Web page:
R.C. Gorman Bio

R. C. Gorman, American (1931 - 2005)

Rudolph Carl Gorman, or as he was more commonly known, R. C. Gorman was born in Chinle, Arizona, July 26, 1931, a Native American Artist of the Navajo Nation.

Gorman grew up in a traditional Navajo hogan and began drawing at age 3. After he left high school, he served in the Navy before entering college, where he majored in literature and minored in art at Northern Arizona University.

In 1958, he received the first scholarship from the Navajo Tribal Council to study outside of the United States. He enrolled in the art program at Mexico City College where he was influenced by the work Diego Rivera. He later studied art at San Francisco State University, where he also worked as a model.

Gorman moved from California to New Mexico, opening his Navajo Gallery in Taos in 1968. It was the first Native American-owned art gallery in Taos.

In 1973, he was the only living artist whose work was shown in the “Masterworks of the American Indian" show held at Metropolitan Museum in New York. One of his pieces was selected for the cover of the exhibit's catalog.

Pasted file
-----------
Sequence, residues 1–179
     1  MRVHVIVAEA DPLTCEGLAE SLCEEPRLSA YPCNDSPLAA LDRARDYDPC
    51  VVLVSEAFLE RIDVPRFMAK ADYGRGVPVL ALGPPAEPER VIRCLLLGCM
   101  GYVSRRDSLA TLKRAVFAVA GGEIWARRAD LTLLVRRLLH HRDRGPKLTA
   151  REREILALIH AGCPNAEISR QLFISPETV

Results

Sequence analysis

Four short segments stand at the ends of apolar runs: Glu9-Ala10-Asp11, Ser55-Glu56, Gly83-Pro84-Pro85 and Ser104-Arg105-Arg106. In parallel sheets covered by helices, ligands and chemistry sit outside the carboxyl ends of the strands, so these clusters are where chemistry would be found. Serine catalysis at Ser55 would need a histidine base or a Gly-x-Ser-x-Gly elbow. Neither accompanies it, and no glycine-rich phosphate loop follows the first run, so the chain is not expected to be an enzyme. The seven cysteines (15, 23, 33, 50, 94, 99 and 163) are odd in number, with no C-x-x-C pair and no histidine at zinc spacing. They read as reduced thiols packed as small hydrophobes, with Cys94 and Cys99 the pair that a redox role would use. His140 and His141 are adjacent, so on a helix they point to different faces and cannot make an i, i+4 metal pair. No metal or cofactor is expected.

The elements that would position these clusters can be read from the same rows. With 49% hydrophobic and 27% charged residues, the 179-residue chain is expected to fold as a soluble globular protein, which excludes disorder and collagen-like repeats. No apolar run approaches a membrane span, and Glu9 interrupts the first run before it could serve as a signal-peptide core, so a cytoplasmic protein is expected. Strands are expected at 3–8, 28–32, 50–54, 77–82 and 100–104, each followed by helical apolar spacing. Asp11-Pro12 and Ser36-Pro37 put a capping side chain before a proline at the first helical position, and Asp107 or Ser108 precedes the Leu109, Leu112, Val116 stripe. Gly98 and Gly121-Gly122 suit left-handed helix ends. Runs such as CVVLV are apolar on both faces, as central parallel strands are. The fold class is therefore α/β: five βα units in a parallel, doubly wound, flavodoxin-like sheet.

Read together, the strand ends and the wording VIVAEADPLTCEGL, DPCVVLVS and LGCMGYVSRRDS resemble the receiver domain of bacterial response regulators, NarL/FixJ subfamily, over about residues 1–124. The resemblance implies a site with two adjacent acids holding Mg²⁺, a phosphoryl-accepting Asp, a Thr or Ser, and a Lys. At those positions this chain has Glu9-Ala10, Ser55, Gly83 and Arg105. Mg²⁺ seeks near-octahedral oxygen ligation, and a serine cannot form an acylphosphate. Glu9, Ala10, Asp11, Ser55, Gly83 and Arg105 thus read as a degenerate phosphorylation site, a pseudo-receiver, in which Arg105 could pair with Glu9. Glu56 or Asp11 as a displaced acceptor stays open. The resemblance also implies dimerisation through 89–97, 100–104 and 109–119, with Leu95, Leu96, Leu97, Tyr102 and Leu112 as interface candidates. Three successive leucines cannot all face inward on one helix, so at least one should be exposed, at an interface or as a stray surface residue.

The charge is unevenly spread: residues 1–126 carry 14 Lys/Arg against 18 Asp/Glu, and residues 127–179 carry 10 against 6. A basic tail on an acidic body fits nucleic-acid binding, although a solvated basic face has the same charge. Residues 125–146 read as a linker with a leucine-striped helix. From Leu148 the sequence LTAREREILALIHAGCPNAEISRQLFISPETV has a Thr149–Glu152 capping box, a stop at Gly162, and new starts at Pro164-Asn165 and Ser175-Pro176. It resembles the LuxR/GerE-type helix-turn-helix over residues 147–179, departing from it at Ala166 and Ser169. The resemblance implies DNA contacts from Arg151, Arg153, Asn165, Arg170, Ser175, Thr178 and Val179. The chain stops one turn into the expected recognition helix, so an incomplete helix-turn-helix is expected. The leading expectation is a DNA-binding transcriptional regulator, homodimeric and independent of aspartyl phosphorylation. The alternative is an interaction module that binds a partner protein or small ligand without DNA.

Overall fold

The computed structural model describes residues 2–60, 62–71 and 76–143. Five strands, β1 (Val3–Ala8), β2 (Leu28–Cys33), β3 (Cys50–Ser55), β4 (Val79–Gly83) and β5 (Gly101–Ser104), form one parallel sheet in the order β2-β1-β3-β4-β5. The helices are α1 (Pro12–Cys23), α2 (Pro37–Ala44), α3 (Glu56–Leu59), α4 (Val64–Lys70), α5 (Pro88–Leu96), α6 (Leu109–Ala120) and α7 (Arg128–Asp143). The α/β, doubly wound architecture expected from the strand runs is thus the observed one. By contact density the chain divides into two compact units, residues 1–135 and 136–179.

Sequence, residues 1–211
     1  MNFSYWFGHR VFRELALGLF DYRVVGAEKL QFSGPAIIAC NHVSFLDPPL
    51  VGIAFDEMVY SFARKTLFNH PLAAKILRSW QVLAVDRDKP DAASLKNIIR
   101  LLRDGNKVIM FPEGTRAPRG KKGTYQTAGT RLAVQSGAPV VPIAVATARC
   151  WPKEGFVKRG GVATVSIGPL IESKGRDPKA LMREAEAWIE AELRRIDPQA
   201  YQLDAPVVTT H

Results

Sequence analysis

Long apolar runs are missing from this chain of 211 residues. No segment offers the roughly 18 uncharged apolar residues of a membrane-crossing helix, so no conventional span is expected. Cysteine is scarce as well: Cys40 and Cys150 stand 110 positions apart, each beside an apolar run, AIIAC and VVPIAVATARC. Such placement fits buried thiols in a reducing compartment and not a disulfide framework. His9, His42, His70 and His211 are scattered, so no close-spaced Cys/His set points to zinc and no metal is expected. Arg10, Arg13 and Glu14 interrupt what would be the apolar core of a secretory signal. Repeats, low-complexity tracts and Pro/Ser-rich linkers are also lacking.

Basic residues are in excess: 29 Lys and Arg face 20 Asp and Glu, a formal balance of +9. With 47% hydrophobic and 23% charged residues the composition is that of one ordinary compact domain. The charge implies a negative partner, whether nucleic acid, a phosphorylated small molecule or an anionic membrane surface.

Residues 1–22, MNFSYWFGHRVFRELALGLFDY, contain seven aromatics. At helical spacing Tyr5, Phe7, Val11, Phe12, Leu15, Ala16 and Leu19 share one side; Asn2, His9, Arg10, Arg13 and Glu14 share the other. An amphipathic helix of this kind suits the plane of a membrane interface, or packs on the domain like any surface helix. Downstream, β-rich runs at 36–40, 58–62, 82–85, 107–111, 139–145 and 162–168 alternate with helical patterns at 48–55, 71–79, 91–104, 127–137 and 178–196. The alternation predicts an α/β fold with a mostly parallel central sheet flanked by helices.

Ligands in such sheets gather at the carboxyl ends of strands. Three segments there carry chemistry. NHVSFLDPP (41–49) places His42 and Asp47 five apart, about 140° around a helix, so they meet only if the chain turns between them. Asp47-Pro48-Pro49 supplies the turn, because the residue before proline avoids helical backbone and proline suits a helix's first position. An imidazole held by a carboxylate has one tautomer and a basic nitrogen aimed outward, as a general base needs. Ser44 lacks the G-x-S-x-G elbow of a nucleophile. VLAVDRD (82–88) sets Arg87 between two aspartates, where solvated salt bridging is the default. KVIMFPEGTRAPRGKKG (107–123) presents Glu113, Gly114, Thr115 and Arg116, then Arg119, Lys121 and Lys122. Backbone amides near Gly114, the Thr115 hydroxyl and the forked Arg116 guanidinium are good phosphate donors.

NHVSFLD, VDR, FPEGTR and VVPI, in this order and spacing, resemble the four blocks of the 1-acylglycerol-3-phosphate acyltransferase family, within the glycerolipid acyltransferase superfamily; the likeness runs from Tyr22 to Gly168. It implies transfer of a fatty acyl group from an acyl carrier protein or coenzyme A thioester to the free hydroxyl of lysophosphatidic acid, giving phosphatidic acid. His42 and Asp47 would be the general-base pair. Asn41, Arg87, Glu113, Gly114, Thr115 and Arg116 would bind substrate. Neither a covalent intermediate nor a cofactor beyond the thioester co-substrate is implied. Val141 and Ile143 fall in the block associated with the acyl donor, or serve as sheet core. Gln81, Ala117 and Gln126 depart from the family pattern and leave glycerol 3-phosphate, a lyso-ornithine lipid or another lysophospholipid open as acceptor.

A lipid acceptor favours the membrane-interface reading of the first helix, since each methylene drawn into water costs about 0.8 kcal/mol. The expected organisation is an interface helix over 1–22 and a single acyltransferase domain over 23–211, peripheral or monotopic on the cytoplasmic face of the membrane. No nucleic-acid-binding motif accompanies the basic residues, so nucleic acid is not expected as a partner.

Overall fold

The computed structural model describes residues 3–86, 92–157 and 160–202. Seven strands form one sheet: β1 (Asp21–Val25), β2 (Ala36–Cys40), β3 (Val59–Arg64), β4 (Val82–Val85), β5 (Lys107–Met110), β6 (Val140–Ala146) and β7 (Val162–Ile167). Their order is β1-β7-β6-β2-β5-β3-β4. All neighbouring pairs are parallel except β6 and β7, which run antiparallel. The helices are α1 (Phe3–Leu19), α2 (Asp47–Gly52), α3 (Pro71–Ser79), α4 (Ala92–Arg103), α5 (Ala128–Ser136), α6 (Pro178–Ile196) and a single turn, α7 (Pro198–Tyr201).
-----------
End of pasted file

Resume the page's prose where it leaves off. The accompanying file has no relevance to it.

He is referred to as "the Picasso of American Indian art" by the New York Times, his paintings are primarily of Native American women and characterized by fluid forms and vibrant colors, though he also worked in sculpture, ceramics, and stone lithography. He was also an avid lover of cuisine, authoring four cookbooks, (with accompanying drawings) called Nudes and Food.)

Artworks




"Alma" Serigraph by R. C. Gorman

Title: "Alma" PP

Medium: Serigraph

Unframed Size: 36" x 29"

Retail Price: $2,600.00 - Unframed

Asking Price: $1,400.00



"Red Pepper" Lithograph by R C Gorman

Title: "Red Peppers"

Medium: Lithograph

Unframed Size: 25" x 24.5"

Retail Price: $4,800.00 - unframed

Asking Price: $1,600.00 - framed